The Navajo Nation Comprehensive Environmental Response, Compensation and Liability Act became law in March. This sweeping legislation gives the tribe new power to monitor and clean up hazardous waste on its 27,000-square-mile reservation in Arizona, New Mexico and Utah, says Stephen Etsitty, executive director of the Navajo Environmental Protection Agency.
The Navajo now can enter into compliance agreements with private companies and federal or state agencies to clean up contaminated areas. The legislation will also give the tribe leverage against the private companies responsible for 520 abandoned uranium mines, says Etsitty. Some of the most polluted sites, such as the Northeast Churchrock mine, may be tackled within a couple of years.
Before the tribe can start remediation efforts, though, the Navajo Environmental Protection Agency must first set up a tariff to fund the program. The agency will also begin informing companies that produce or haul hazardous waste on the Navajo Nation about new reporting requirements.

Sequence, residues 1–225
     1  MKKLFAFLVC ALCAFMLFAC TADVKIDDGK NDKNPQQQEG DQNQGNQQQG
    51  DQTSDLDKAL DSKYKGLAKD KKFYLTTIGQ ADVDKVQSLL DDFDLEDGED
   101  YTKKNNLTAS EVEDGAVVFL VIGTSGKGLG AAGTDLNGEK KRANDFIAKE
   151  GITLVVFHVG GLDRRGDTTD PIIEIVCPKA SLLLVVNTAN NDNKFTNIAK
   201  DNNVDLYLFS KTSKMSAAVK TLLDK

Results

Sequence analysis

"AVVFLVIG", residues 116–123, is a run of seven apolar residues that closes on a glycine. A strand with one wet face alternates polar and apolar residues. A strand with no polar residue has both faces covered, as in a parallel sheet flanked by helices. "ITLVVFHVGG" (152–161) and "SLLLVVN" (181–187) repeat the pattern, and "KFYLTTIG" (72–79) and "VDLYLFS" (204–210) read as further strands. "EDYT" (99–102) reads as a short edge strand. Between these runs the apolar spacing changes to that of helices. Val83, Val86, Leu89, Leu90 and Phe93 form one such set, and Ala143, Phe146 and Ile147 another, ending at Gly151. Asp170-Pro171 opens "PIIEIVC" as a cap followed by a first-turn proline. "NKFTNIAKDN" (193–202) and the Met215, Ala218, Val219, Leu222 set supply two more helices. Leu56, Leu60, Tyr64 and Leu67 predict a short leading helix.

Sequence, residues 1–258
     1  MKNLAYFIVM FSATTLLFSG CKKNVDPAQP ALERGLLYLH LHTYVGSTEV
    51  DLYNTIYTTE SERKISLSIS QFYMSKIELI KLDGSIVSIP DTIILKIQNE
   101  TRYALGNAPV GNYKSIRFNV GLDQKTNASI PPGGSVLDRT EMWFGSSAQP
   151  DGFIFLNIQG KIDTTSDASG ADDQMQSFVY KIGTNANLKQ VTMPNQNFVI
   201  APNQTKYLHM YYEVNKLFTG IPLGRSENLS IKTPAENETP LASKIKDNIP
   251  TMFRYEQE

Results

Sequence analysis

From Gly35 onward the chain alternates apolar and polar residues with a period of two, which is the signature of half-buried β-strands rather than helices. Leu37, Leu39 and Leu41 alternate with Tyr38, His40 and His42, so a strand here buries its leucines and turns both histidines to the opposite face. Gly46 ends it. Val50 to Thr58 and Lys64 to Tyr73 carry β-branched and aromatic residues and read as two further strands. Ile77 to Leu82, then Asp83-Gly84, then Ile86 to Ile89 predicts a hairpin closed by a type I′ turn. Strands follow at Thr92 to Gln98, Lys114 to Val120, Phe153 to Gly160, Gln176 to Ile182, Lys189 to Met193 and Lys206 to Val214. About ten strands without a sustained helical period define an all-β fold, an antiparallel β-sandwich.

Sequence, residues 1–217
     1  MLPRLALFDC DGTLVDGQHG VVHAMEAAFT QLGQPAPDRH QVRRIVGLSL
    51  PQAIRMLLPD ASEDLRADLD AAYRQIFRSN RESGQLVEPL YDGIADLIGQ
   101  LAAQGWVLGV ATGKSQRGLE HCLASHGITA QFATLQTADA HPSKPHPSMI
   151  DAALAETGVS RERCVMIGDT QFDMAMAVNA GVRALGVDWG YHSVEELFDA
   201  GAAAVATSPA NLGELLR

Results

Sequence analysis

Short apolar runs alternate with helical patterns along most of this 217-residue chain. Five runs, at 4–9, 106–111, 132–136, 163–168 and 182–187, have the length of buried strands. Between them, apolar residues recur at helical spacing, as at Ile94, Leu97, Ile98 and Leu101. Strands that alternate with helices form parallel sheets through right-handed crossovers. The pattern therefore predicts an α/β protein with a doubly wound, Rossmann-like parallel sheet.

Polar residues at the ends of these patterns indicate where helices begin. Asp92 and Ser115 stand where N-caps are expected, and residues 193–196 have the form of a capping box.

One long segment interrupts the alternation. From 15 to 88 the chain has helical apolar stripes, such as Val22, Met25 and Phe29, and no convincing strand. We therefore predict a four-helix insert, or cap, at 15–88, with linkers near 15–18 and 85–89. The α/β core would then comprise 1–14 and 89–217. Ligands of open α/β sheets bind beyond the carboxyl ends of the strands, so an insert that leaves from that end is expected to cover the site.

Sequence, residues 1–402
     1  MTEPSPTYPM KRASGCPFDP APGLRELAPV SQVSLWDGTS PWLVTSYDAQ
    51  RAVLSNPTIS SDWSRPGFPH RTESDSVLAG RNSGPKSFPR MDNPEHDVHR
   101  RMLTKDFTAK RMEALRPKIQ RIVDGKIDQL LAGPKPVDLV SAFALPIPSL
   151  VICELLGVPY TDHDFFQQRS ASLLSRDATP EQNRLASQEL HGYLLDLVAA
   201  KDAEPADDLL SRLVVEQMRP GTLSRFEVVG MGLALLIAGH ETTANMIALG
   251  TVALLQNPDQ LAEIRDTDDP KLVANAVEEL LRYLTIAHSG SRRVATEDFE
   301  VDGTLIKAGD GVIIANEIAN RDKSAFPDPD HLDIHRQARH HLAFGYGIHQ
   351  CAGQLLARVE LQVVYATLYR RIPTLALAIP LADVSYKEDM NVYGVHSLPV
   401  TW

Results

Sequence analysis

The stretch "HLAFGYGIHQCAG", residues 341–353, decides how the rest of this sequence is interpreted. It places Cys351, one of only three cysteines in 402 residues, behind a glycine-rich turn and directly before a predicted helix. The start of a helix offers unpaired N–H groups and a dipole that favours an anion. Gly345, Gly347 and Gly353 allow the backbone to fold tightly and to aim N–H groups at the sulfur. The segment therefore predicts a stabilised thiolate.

Critics of the Navajo law say it duplicates federal and state law. But Etsitty says the act fills regulatory gaps, and gives the Navajo Nation the authority to address hazardous contamination directly. It also helps the federal government, neighboring state governments and industry to recognize the tribe as a co-regulator in Indian country.
The new law is also an expression of Navajo sovereignty. “It reduces our reliance on the federal government,” Etsitty says. “The Navajo EPA will continue to develop environmental laws, regulations and programs that reflect our Dine culture and values.”
The author is a freelancer for the Navajo Hopi Observer.
- Nathan Johnson on Political sparring over the Land and Water Conservation Fund
- jan slater on An audience for old Indians
- Robb Cadwell on Political sparring over the Land and Water Conservation Fund
- Thomas Bliss on Raccoonboy’s guide to urban wilds
- Kevin Bates on A wanderer’s guide to Western public lands